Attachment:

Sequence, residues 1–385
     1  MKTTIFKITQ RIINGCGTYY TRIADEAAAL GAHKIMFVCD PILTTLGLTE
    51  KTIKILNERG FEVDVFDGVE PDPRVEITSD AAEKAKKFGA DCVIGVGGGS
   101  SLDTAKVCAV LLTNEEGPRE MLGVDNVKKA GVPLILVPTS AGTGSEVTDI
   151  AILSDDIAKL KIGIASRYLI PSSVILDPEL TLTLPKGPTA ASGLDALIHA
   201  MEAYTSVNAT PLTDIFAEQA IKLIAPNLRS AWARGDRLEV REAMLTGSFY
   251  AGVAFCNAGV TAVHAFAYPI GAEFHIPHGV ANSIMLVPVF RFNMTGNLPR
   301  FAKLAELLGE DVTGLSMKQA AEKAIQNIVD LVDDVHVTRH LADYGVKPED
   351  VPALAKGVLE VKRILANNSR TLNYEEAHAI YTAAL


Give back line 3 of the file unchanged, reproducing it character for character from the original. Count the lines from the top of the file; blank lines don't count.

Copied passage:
    51  KTIKILNERG FEVDVFDGVE PDPRVEITSD AAEKAKKFGA DCVIGVGGGS